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Viger

Robert S. Viger, Ph.D.

Professor

Laval University

Department of Obstetrics, Gynecology and Reproduction

2705 Laurier Blvd., Room T3-67

Centre de recherche du CHU de Québec

Québec (Québec) G1V 4G2

CANADA

Tel.: (418) 656-4141 x46159

Fax: (418) 654-2783

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Research Interests:

  • Molecular endocrinology
  • Gene expression and regulation
  • Transcriptional regulation
  • Gonadal development
  • Sex determination and differentiation
  • Testicular physiology
  • Sertoli cell function

 

Description of research:

Reproductive dysfunction is a common medical condition. Problems range from differences in the sex determination and differentiation pathways to male and female infertility. Research in these areas is therefore essential for us to understand, diagnose, treat, and hopefully prevent these problems that for many individuals and couples can be devastating. My laboratory seeks to understand the molecular and genetic mechanisms involved in human and animal reproduction in both health and disease. Our goal is to provide the necessary groundwork for developing novel therapies that can eventually be used to improve reproductive health and therefore the quality of life of those affected.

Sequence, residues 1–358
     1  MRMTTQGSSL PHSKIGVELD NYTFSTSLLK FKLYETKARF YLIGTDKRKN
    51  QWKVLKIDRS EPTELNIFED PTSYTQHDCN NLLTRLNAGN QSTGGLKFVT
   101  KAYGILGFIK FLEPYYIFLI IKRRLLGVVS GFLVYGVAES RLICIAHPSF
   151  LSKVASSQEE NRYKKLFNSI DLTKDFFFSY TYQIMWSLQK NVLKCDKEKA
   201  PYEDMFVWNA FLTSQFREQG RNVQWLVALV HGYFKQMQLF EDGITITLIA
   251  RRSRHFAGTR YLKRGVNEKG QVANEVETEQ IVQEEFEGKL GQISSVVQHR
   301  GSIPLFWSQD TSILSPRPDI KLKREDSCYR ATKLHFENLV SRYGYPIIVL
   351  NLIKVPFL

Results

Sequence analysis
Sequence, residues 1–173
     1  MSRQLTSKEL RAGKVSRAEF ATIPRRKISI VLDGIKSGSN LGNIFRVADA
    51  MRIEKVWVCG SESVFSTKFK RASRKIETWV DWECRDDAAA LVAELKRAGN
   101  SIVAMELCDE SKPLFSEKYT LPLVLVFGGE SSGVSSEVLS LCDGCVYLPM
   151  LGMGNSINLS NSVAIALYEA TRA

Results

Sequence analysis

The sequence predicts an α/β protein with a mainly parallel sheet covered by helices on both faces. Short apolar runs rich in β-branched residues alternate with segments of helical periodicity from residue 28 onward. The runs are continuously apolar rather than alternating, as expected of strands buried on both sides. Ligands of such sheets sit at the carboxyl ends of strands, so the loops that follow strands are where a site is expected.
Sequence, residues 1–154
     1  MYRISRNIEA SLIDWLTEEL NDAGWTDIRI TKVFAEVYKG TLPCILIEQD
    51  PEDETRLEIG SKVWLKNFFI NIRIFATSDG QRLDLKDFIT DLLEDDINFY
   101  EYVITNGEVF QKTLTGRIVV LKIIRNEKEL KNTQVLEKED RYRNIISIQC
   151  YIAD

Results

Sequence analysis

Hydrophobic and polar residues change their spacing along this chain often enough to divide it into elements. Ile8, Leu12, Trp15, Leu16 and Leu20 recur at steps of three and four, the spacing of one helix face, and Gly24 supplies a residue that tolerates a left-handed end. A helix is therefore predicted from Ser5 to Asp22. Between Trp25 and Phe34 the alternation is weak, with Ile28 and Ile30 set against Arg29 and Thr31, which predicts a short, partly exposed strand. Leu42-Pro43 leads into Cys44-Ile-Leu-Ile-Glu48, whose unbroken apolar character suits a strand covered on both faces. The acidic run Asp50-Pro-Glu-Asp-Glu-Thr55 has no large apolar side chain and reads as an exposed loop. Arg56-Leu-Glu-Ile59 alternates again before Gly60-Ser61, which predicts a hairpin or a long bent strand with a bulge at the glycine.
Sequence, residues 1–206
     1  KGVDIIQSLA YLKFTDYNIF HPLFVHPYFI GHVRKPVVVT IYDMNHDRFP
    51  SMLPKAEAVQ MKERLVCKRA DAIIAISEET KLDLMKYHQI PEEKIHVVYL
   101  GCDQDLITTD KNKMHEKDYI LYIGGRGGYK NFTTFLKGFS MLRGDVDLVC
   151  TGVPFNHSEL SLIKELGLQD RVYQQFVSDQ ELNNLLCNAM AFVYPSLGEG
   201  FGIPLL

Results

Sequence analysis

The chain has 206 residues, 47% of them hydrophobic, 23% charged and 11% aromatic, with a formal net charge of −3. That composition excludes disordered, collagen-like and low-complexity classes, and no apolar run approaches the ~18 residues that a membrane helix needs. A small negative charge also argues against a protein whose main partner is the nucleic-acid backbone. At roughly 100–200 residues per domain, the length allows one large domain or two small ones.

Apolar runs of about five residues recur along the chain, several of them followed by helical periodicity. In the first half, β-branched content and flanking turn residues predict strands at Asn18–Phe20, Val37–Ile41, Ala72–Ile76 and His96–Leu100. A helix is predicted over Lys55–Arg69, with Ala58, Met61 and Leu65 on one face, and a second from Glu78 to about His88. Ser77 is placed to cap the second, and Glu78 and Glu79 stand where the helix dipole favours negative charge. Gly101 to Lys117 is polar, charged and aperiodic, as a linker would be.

My laboratory is specifically interested in defining the transcriptional regulatory pathways that are involved in establishing mammalian sex determination (i.e., the formation of a testis or an ovary) and sex differentiation (i.e., the development of internal and external genitalia and therefore the male or female phenotype). We are also interested in understanding the transcriptional control of gonadal gene expression, especially in the somatic cell types of the testis (Sertoli cell, Leydig cell) where we have the most expertise. Over the past several years, our main focus has been to understand the physiological roles played by members of the GATA family of transcription factors. The GATA family of factors is composed of six zinc finger DNA-binding proteins (named GATA1 to GATA6) that recognize the consensus DNA sequence WGATAR found in the regulatory region of several genes required for the differentiation and/or morphogenesis of numerous vital organs. These factors were first identified as major developmental determinants of both the hematopoietic and cardiac systems. Today, they are known to be expressed in a wide variety of tissues where they act as critical regulators of developmental- and cell-specific gene expression. This includes multiple endocrine organs such as the pituitary, pancreas, adrenals, and now the gonads. Using basic molecular biology methodologies (promoter characterization studies) and various cell line models, we have contributed significantly to better understanding what genes and gene networks these factors target and regulate. Indeed, the scope of GATA action has broadened to include early gonadal development, sex differentiation, and steroidogenesis. GATA factors and in particular GATA4 regulate a plethora of genes that play essential roles throughout gonadal ontogeny. These include those expressed early in gonadal development (Sry, Sox9, Amh, Dmrt1) and those acting later in the fetal and adult gonads (Inha, Star, Cyp11a1, Cyp19a1, and many others). We have recent evidence that GATA4 is a master regulator of steroidogenesis where its actions are akin to that of the nuclear receptor SF-1/NR5A1. Interestingly, aberrant GATA function is known to be linked with some human diseases, and we believe that the reproductive system will be no exception. Research into the role of the GATA family of transcription factors in reproductive function has already led to the potential implication of these factors in several human syndromes and/or pathologies such as breast cancer, endometriosis, polycystic ovarian syndrome, and phenotypic sex reversal associated with insufficient AMH expression. Our ultimate goal is to hopefully translate our work into promising new therapies for the treatment and prevention of these pathologies and other diseases that affect reproductive health.